2.2. Criteria of the Study Participants

The study populations included both male and female university students, aged between 18 and 29 years. They were physically and mentally sound and were willing to join our survey and also gave their spontaneous opinion regarding the knowledge of CPR. The participants were subdivided into two main groups: health-related college group (these college students are directly related to health science, e.g., school of medicine and hospital pharmacy) and non-health-related college group (these college students are not related to health science, e.g., college of law and college of engineering). We used a simple randomized sampling method for the selection of colleges.

2.3. Data Collection

We used a self-administered, structured questionnaire as previously described in Arabic language with minor modification [34]. The questionnaire consisted of (1) demographic data including age, gender, nationality, colleges, and academic years and (2) 14 questions which can be divided as of three sections: the first section (6 questions) assessed the participants’ general CPR knowledge including source of the knowledge, the second section (6 questions) concerning about the attitude towards CPR included an ABC sequence of CPR, and the last section (2 questions) assessed the impression of participants and their suggestions to increase the awareness of CPR among the population. To determine the validity of our questionnaire, we randomly distributed a pilot survey among 20 students, but we excluded them from the main sample of this study. Several colleges from different universities participated in the study, and 947 questionnaires were filled properly, with a response rate of 91%.

2.4. Data Processing and Analysis

The data were analyzed statistically by using Statistical Package for Social Sciences (SPSS) version 21. The descriptive, inferential statistical analyses, along with comparative statistical analyses, were performed, and noncontinuous data were analyzed using the chi-square tests, and the value was used to detect the significance of the parameters on a categorical scale between the groups when needed.

3. Results

This study was carried out on 947 subjects who completed the survey, with a response rate of 91%. The demographic data are shown in (Table 1). The participants were all of Saudi nationality: 58% males and 42% females. The mean age was 21.55 years. We divided the sample into health-related colleges 578 (61%) and non-health-related colleges 369 (39%) (Figure 2).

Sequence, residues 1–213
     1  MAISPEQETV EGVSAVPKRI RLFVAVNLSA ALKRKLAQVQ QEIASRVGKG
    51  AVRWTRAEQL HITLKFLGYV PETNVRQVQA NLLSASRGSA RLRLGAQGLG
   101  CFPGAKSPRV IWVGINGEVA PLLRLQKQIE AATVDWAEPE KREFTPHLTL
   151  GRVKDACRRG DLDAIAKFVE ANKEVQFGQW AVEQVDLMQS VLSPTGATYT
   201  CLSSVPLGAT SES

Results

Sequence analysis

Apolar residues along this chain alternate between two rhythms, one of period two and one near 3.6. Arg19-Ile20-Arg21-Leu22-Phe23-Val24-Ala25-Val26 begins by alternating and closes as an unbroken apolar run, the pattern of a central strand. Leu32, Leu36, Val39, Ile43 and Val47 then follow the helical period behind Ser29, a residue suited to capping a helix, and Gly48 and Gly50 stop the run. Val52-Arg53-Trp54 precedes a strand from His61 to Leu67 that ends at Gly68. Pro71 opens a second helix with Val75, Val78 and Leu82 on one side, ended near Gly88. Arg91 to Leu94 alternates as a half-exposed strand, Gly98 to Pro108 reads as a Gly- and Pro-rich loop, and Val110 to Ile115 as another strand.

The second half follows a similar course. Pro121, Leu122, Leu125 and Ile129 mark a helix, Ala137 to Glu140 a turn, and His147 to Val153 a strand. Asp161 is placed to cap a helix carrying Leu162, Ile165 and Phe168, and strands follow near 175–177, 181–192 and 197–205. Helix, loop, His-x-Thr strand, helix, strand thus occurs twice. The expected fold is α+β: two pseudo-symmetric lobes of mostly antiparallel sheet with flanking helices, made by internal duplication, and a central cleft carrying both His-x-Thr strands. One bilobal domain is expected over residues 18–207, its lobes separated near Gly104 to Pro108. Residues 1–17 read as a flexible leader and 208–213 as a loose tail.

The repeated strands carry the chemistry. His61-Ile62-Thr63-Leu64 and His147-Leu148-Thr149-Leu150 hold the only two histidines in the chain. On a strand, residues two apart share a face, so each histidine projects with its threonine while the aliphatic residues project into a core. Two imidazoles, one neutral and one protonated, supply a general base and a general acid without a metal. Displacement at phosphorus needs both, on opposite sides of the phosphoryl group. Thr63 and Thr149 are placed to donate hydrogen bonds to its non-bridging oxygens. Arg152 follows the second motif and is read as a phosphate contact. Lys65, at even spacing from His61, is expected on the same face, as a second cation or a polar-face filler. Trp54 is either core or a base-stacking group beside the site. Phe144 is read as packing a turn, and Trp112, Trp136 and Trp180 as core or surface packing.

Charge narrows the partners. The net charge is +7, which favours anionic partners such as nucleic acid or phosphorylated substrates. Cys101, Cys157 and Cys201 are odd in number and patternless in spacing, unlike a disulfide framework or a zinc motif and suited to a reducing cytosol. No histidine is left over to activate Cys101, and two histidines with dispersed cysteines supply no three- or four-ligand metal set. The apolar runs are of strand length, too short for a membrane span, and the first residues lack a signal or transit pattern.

Table 1: The characteristics and demographic features of the participants.
Figure 2: CPR knowledge between health- and non-health-related colleges for each university.

The first section of our questionnaire (Table 2) result showed that 72% of the students have a previous knowledge about CPR, 67% of them think that it is insufficient, 51% of them correctly answered the number of the emergency medical service (Red Crescent), and 59% did not know what do they do first when they encounter a situation that requires CPR, whereas only 41% wrote the steps of CPR in the correct sequence (Table 3 and Figure 3). Interestingly, 89% of those who have no knowledge about CPR have willingness to take a CPR training course. The universities were the most common source of CPR knowledge for students by 28%, followed by the Internet (15%) and reading (14%) (Table 4 and Figure 4). Furthermore, 29% of the sample has been faced with a situation that needs CPR intervention where 51% of them preformed CPR and 28% did not perform it due to lack of knowledge.

Table 2: Knowledge of the participants about cardiopulmonary resuscitation (CPR).
Table 3: Estimating the knowledge about CPR.
Figure 3: Students who have knowledge about cardiopulmonary resuscitation.
Table 4: Students’ resources of CPR knowledge.
Figure 4: The sources of CPR knowledge.

The second sections of our questionnaires were specially focused on the attitude of the participants towards CPR (Table 5); we found that only 18% of the students have been taken a CPR training course. Among all participants, 60% of them were unable to write the correct sequence of CPR steps, and only 43% of them know the first step of the CPR. However, the majority of the students (90%) were willing to take a CPR course.

Table 5: The attitude of the participants towards CPR.